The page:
A system similar to this existed before beta 1.8 before it got overlooked when they changed the world generation. Although the biomes were a lot smaller back then, so it wasn't that big of a deal.
Honestly, I'm glad the system was put back in. I was pretty fed up with seeing stuff like this all the time:
It just takes a lot more exploring nowadays if you want to find specific biomes. I've had at least a few worlds where I've been to about every biome, so it's not impossible. The good part is that most biomes have their own variation, so it doesn't feel like a copy most of the time.
I think it's a good thing, because exploring is rewarded, and it doesn't feel unbelievably silly. I feel more immersed when I'm not stumbling upon a completely different climate every other biome.
Yes, the same few biomes does get dull, but I think it's a problem with the lack of variation in the biomes (why is the pre-release already out? there's still more to be improved! ;_; ), and not how they're selected.
Yeah, I came here to complain about the rarity of some of these biomes. I think I have an idea of what the problem is. I would guess that the temperature, moisture info is generated with some variation of Perlin noise.
A Perlin noise function usually gives nice looking random brownian motion values between -1 and 1 or 0 and 1. Because the values returned within a range, for instance 0 to 1.0, you might intuitively think that, for example, values above 0.9 would occur 10% of the time. Perlin noise however is generated by combining samples of a noise field at differing geometric scales, which will tend to strongly favor values in the mid-range, while suppressing extreme values. It is similar to using multiple dice rather than a single die.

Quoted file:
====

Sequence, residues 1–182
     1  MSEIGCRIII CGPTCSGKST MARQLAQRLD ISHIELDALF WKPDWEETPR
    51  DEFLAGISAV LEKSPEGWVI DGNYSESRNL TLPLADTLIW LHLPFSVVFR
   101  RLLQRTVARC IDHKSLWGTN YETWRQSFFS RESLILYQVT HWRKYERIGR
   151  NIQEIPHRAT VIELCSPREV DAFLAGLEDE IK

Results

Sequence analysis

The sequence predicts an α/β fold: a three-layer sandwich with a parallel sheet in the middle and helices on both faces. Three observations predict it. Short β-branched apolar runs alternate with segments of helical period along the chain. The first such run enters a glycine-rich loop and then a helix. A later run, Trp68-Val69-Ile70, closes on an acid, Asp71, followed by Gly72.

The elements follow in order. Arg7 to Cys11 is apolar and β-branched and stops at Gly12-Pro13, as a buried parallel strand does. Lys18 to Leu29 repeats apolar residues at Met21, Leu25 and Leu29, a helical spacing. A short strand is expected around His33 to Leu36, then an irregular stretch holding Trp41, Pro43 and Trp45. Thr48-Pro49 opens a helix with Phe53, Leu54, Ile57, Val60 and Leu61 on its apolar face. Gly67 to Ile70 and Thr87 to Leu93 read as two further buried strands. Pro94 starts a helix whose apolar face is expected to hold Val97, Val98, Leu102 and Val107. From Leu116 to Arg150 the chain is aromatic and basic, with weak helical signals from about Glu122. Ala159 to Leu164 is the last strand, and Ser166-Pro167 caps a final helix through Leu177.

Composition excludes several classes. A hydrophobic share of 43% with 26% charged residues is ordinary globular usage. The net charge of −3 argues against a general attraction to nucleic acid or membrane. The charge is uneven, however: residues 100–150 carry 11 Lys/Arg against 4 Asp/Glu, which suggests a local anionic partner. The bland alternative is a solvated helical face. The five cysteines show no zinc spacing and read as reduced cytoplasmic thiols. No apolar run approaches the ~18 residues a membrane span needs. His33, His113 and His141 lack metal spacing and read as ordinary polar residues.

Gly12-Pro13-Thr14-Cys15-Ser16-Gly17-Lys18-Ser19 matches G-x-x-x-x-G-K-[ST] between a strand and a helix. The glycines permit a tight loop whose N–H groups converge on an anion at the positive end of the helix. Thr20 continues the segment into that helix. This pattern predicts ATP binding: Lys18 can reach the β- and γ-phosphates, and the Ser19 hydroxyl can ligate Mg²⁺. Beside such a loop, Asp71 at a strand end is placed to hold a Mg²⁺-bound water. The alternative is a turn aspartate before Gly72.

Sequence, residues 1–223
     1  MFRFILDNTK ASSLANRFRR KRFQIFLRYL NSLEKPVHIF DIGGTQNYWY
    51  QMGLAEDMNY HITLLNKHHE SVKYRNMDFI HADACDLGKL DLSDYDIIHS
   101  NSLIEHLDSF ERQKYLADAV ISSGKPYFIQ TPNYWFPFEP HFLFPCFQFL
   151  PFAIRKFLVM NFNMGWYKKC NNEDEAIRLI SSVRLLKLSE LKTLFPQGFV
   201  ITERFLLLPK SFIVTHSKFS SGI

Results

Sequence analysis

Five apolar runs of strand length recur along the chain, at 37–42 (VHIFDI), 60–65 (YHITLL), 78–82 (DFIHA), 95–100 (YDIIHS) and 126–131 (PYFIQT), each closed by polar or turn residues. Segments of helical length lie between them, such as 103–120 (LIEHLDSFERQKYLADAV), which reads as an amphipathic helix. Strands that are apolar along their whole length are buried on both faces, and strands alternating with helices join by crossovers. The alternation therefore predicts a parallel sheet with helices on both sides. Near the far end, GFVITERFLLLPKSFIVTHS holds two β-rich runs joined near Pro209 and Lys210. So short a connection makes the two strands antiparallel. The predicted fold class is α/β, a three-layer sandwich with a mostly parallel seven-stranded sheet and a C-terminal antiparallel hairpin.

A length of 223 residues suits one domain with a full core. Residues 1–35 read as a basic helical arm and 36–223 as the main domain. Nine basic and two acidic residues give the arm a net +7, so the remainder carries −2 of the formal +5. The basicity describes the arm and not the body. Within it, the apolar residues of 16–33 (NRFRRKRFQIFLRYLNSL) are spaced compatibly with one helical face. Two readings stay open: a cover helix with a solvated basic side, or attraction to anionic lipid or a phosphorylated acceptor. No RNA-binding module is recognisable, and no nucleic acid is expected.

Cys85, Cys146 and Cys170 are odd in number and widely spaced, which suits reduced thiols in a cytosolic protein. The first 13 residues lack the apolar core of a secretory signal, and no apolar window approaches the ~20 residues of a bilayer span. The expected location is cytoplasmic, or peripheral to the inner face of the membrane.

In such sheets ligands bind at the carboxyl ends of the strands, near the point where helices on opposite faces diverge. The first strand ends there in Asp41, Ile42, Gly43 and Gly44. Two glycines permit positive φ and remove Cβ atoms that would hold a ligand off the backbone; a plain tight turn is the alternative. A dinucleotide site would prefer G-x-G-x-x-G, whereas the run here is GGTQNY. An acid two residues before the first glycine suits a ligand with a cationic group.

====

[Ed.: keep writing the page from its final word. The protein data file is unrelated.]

For example, if you have a single 6 sided dice and roll it many times, you would expect to get values 1 thru 6 with a fairly even distribution. However, if you add another die, for a possible result from 2 to 12, the results will not be evenly distributed. To return an extreme result of 12, you must roll two 6's. To get a mid-range result of 6 you can roll 5 1, 1 5, 2 4, 4 2, and 3 3. So you are actually five times as likely to roll a 6 than you are a 12 or a 2.
Perlin noise works similarly. Generally you will have a noise field sampled at several octaves that are combined for a final result, so to get an extreme result, all of the samples at each octave need to be extreme! As you can imagine, that greatly increases the rarity of extreme values.